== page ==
Camila Cabello – ‘C,XOXO’ review: a party girl rebrand – and scrappy, intriguing earworms

Cabello tries a shiny, Auto-Tuned pop sound on for size – and indulges a “rebellious mood” with head-scratching Drake collaborations

Among the current crop of main pop girls, Camila Cabello could be the most underestimated. Yes, she has a couple of hits so ubiquitous they’ve passed two billion streams on Spotify: 2017’s sultry ‘Havana’ featuring Young Thug and 2019’s steamy ‘Señorita’ with Shawn Mendes. And yes, each of her high-charting albums is a fully realised body of work: 2022’s excellent ‘Familia’ saw Cabello explore her Cuban-Mexican roots with hints of emo anguish.

But when Cabello launched her latest era with social content presenting herself as a chaotic party girl, some pop stans reacted with suspicion. “There are comments I see that are like, ‘She so wants to be that girl. She will never be that girl,’” Cabello told Paper in March. She was also accused of copying Charli XCX with this album’s lead single ‘I Luv It’, a honking hyperpop banger which does bear a certain resemblance to Charli’s 2017 song ‘I Got It’. Cabello responded bullishly, telling Paper: “Charli loves me, so everybody can fuck off.”

Neither ‘I Luv It’ nor follow-up single ‘He Knows’, a clattering collab with Lil Nas X, quite signposts the overall vibe of Cabello’s fourth album. Largely co-written with producers El Guincho (Rosalía, FKA twigs) and Jasper Harris (Tate McRae, Doja Cat), ‘C,XOXO’ is a laconic, off-kilter pop record filled with heavily Auto-Tuned vocals inspired by T-Pain. It’s a new sound for Cabello that heightens the music’s intriguing, trippy sheen.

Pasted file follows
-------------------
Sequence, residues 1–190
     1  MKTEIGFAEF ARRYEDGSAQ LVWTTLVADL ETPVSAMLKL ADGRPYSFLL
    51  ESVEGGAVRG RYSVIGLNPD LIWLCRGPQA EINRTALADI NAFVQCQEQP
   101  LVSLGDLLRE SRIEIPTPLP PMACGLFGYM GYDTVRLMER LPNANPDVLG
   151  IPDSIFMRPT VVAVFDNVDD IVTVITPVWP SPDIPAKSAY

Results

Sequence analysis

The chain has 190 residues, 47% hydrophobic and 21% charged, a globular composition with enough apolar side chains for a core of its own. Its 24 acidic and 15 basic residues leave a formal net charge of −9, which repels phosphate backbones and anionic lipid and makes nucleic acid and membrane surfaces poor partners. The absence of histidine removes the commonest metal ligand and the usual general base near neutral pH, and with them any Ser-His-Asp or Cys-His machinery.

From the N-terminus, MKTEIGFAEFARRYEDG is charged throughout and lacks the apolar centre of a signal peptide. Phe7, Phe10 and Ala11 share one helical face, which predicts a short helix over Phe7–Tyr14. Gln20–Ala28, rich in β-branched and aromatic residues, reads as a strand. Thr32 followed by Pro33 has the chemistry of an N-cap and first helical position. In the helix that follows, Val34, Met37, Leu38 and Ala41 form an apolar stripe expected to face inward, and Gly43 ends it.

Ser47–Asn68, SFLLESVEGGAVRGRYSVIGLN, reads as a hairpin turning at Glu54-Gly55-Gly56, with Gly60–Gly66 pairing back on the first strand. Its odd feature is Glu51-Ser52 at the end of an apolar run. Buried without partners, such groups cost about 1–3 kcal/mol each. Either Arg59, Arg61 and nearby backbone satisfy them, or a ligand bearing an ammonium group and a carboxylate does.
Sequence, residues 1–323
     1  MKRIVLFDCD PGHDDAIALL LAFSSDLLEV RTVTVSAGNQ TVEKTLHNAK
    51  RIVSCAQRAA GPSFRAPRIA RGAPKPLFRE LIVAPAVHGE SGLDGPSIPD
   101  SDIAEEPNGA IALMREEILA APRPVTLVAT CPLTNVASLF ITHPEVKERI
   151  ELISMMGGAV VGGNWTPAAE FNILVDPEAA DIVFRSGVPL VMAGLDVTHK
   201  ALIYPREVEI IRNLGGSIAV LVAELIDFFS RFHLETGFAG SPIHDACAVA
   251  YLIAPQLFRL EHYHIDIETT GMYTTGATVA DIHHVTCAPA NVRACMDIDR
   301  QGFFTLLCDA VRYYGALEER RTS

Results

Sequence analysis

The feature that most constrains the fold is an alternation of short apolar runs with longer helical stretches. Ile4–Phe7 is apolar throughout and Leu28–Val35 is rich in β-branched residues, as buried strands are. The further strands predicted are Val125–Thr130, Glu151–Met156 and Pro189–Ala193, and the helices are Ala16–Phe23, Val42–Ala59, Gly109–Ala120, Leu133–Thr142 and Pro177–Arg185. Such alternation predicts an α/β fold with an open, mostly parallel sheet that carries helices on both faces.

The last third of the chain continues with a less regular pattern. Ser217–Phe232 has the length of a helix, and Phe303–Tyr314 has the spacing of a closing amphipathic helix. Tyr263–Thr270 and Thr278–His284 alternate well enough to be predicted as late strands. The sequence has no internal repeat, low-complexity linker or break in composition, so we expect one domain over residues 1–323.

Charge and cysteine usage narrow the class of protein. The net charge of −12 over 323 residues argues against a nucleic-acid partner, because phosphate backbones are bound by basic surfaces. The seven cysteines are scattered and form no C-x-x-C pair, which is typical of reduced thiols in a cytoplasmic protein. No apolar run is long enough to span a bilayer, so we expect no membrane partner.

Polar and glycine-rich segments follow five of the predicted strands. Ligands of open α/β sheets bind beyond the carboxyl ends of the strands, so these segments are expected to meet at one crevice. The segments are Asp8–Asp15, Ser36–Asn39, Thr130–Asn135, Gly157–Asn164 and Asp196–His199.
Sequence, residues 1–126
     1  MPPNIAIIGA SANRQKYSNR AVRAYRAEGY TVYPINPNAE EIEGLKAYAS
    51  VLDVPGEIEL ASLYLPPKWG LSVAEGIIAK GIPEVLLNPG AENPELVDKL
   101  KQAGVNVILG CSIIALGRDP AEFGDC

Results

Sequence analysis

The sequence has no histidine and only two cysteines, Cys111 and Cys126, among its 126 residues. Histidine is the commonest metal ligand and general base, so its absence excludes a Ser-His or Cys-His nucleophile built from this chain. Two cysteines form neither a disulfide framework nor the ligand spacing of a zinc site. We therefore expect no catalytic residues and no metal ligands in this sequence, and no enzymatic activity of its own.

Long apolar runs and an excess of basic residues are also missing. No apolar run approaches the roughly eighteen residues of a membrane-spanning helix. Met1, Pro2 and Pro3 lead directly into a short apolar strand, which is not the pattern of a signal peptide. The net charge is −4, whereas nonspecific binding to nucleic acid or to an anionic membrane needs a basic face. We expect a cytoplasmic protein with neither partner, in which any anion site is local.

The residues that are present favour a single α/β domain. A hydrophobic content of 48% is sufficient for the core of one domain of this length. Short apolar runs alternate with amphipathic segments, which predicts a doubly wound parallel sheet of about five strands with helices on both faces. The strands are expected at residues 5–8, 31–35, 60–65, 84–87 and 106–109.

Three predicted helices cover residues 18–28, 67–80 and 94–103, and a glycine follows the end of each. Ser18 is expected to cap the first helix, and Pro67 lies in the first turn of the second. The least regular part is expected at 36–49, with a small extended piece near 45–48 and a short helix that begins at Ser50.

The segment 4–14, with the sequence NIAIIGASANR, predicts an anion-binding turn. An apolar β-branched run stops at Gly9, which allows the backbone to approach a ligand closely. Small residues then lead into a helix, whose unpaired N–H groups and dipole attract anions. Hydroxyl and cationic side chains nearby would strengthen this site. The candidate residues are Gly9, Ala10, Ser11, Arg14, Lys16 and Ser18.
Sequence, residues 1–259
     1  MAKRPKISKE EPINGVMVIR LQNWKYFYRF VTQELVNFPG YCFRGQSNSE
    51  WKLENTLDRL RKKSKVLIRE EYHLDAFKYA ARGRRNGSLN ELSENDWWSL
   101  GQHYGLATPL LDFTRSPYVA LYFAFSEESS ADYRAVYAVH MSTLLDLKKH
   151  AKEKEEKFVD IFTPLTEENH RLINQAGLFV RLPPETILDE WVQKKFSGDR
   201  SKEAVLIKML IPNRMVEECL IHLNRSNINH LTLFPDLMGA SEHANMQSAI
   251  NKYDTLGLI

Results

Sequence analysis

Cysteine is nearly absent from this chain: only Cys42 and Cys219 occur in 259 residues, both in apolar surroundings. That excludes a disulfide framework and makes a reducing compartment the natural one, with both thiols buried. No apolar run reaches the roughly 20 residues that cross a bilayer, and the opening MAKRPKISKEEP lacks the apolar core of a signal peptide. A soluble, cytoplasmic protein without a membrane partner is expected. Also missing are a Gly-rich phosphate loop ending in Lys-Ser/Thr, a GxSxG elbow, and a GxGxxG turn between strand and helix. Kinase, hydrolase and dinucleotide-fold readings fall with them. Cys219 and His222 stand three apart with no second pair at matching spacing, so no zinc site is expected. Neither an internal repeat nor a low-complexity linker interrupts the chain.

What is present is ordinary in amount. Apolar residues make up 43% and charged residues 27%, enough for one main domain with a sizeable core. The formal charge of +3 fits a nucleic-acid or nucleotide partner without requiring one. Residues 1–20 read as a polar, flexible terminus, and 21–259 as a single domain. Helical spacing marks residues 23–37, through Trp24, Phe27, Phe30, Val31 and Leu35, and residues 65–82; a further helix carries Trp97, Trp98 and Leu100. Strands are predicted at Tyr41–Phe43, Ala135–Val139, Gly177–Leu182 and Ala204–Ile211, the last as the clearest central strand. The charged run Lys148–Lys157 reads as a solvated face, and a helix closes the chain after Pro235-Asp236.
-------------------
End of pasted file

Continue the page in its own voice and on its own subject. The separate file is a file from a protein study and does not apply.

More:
Throughout, her lyrics pivot between pithy and revealing. When Cabello brands herself a “cute girl with a sick mind” on ‘Chanel No.5’, it feels like a craven attempt to generate a meme. The balmy, guitar-led ‘Twentysomethings’ cuts deeper as Cabello captures the way we use big nights out to solve – or at least distract from – relationship problems. “I just wanna have a good night, struggling all my life,” she sings forlornly. “Want you to hold me tight and tell me that we’re alright.”


The album’s slightly scrappy quality sounds deliberate: the spacey PinkPantheress collaboration ‘PinkXOXO’ lasts, appropriately, all of 55 seconds. But there are also plenty of intriguing rap-influenced pop cuts. ‘June Gloom’ sounds a bit like Lana Del Rey doing hyperpop; ‘Dream-Girls’ celebrates female friendship over a dayglo reggaeton beat and ‘Dade County Dreaming’ is blippy hip-hop featuring influential Miami duo City Girls.

There’s another nod to Cabello’s hometown on ‘B.O.A.T.’, an emo breakup song featuring an incongruous/ingenious sample from Pitbull’s 2009 party anthem ‘Hotel Room Service’. As Cabello sings about an ex who was “the best of all time”, the song’s giddy synth riff – itself a sample from Nightcrawlers’ 1992 house classic ‘Push The Feeling On’ – supplies a haunting reminder of happier times.


Only two mid-album Drake collaborations evince a slight blip in confidence. The hypnotic dancehall of ‘Hot Uptown’ belongs on a different album and following track ‘Uuugly’ is a strange two-minute coda on which Drizzy sings but Cabello only features briefly. It’s almost as though she’s outsourced a portion of the album to another, even more bankable artist.

Cabello explained this strange creative choice when she told Billboard: “I just want to hear Drake on my own album. I love that for me – it’s like that rebellious mood. Who says I can’t do that?” No one, evidently, but the timing feels off. Given the collective eye roll that greeted the rap titan’s tired 2023 album ‘For All The Dogs’ and the reputational damage caused by his ongoing feud with Kendrick Lamar, this “rebellious mood” brings the wrong kind of chaotic energy to Cabello’s project.

Still, whether you think Cabello is “that girl” or not, there’s no denying that ‘C,XOXO’ is packed with quirky earworms: she even blends emo and reggaeton on the brilliant, melancholy club banger ‘Pretty When I Cry’. Some of 2024’s most anticipated pop albums have sunk pretty fast after hyped roll-outs; this one deserves to keep bubbling to the surface for months to come.


Album art for Camila Cabello’s ‘C,XOXO’

  • Release date: June 28, 2024
  • Record label: Geffen/Interscope

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